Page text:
It didn’t take George that long, either. Within the first year he learned that I really didn’t want to work on cars with him and that my enthusiasm for fishing and hunting before our marriage was a sham. We had each put up an attractive facade during courtship and reality sucker punched us.

I don’t think we’re unusual. A friend said she knew she’d made a huge mistake when her brand-new eternal companion refused to buy her an ice cream cone on their honeymoon for fear she’d get fat. They resolved the conflict with compromise—she kept her trim figure as long as he kept his.

Our daughter, Lolly, and her husband insist that the secret of a happy marriage is to enter matrimony with low expectations. Neither of them thought the other would make them happy. And they’re right. Happiness comes from within. Even a nearest and dearest can’t confer happiness upon us—no matter how much we deserve it.

Maybe the real secret of marital bliss is not noticing a spouse’s flaws. And more power to those who can pull that off.

You’re Not the Person I Married

We all have dirty little secrets we don’t share while dating. I certainly never informed George that I like to eat pie in bed. Nor did he confess he was so thrifty that he’d drain our car radiator every night rather than buy antifreeze.

And do we even want to see the real person behind the guy or girl who is going to make all our dreams come true? Try telling a man that his sexy girlfriend really won’t be a wife who is interested in having sex every night and more on weekends. Or try warning a woman that her fun-loving boyfriend may not transition into a husband willing to trade his skiing and workout time for a steady job that pays the mortgage.

Even if you marry your soul mate, no guarantee exists that you will grow together rather than apart. I know several women who married young, then returned to school as their children grew older. As these women grew and gained confidence, they were no longer the helpless girls their husbands had married—and they’re now divorced.

And how does a guy cope if his shapely bride balloons into a size 3X wife? It’s easy to say physical appearance shouldn’t affect the way we feel about a spouse, but, for most of us, it does.

In Mormon circles a spouse’s loss of belief in LDS doctrines can threaten a marriage. I have a young relative who has lost her conviction that Mormonism is the only true religion. She fears telling her husband who made great personal sacrifice for their family to obtain a temple sealing. The only choice she sees is to attend church with her family and keep quiet about her doubts—a lonely way to live.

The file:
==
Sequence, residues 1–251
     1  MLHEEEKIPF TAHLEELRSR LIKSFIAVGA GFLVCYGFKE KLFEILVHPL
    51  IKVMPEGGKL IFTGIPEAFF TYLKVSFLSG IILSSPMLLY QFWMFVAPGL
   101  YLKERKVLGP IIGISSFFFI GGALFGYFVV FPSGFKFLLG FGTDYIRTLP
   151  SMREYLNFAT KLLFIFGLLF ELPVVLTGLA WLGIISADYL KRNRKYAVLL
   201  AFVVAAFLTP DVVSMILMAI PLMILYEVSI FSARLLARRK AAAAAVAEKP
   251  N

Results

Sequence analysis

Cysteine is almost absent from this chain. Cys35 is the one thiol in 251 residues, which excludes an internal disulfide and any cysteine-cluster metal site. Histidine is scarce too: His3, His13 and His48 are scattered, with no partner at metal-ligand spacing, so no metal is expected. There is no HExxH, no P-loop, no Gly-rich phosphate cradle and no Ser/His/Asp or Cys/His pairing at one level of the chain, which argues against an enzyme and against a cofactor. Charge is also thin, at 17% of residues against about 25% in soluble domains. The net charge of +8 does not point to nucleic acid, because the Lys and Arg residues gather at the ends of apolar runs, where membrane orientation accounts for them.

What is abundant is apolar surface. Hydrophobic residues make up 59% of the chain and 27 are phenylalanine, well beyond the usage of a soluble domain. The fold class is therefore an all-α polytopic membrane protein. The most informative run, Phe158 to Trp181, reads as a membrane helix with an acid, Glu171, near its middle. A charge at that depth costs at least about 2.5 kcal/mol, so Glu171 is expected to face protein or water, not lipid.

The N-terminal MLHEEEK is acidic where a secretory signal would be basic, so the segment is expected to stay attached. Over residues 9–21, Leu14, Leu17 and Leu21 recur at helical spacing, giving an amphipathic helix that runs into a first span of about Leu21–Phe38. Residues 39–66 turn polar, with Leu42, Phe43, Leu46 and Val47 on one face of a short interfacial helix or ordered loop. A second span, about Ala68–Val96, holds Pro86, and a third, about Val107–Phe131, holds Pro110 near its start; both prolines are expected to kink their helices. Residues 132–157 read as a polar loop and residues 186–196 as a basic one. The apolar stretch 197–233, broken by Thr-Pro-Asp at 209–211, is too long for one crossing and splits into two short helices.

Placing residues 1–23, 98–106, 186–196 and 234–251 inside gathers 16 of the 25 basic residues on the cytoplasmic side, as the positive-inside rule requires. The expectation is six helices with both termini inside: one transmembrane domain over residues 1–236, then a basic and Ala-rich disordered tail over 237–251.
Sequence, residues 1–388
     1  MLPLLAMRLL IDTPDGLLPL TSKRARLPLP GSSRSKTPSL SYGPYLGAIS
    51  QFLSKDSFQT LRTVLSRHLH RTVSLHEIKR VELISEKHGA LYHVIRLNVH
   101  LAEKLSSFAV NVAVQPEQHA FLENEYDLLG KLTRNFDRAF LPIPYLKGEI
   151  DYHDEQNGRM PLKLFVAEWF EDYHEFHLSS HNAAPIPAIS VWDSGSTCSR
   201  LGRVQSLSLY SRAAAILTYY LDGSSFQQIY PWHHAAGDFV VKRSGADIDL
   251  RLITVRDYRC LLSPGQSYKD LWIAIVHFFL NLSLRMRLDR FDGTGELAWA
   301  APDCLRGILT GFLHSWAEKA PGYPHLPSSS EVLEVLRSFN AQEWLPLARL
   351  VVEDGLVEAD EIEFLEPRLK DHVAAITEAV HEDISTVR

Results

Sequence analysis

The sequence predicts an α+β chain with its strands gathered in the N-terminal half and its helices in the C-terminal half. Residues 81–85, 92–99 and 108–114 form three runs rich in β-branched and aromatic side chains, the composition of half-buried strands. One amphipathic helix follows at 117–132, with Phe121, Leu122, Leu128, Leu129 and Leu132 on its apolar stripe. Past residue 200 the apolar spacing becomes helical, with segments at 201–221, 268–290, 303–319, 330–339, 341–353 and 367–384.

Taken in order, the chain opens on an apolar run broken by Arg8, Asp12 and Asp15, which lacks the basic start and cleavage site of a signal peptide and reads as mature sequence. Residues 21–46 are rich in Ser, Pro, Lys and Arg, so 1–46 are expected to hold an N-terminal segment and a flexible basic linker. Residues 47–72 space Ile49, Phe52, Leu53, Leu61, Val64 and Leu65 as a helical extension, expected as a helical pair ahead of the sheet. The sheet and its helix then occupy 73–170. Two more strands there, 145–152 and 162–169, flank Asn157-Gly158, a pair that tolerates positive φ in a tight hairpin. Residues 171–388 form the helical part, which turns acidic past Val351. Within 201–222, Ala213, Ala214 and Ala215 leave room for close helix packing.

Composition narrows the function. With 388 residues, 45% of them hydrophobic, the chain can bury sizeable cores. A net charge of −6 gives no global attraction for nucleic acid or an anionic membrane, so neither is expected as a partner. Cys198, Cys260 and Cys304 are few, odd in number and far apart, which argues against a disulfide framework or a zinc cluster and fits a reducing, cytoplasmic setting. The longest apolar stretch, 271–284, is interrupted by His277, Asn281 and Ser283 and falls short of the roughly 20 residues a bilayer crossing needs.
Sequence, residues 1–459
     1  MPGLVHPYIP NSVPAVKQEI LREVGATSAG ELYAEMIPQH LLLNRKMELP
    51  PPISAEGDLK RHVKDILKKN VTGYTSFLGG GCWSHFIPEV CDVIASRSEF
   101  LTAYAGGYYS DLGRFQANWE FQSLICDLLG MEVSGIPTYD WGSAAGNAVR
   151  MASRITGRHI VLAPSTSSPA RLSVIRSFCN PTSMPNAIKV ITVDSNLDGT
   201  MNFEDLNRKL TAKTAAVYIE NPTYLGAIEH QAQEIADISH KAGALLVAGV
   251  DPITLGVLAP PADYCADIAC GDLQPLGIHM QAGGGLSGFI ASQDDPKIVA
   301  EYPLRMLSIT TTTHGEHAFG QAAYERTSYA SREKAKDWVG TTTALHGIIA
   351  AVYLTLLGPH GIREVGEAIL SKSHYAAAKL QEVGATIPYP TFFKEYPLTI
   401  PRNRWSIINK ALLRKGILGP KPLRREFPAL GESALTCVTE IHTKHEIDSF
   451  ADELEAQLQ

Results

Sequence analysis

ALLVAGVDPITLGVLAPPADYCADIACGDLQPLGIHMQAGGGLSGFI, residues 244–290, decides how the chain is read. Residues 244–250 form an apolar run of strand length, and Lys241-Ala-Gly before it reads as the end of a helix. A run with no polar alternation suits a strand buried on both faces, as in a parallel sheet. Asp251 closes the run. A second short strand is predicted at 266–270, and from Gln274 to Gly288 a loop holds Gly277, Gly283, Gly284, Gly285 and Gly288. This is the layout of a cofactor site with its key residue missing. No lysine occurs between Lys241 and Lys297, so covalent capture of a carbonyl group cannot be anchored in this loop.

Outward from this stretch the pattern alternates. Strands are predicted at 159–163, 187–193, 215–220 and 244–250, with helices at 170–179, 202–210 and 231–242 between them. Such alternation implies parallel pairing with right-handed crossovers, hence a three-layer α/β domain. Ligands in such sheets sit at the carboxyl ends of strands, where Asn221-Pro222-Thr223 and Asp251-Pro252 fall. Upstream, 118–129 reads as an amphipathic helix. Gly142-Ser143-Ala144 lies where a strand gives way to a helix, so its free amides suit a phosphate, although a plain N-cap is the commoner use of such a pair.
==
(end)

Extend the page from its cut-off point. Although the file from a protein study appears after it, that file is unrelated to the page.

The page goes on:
A perceptive person has noticed that the Bible actually deals with the problem of finding out you’re not married to the person you thought you were. Jacob marries Leah believing he is marrying Rachel. While Jacob never loves Leah as completely as he does Rachel, he accepts his marriage to both.

But was it such a big deal for Jacob? After all, he could ditch Leah for Rachel whenever he chose. Modern American marriages (unless you’re FLDS) don’t allow that option. We have to deal with whichever personality pops up in a single spouse. And that’s probably a cinch compared to dealing with multiple personality facets in multiple spouses.

Follow My Lead

“Dad dances like Bill Cosby. My mom dances like Winnie the Pooh,” our daughter, Lolly, informed her high school friends. I’d have choked her if she hadn’t been right. George has rhythm and can really move his feet. I can clap in time to a brisk rendition of “Stars and Stripes Forever,” but dance rhythms are too complex for me to get the message from my ears all the way down to my feet while the music’s still playing.

Nevertheless, George and I decided to liven up January this year by signing up for a ballroom dance class. I expected George to excel, but no. He’s an individualist on the dance floor rather than a leader—and my rhythmic limitations require a strong leader to push me around the dance floor in time to the music.

People often use the leader/follower dance pattern as an analogy for marriage. So long as the husband leads and the wife follows, a marriage flows with grace and harmony. Now, I don’t know any professional dancing couples, but I doubt those who stay married carry the leader/follower pattern into everyday life.

Lolly actually married a former member of the BYU ballroom dance team, but she refuses to dance with him because he won’t let her lead. Fortunately, they don’t try to extend the leader/follower pattern in their day-to-day living.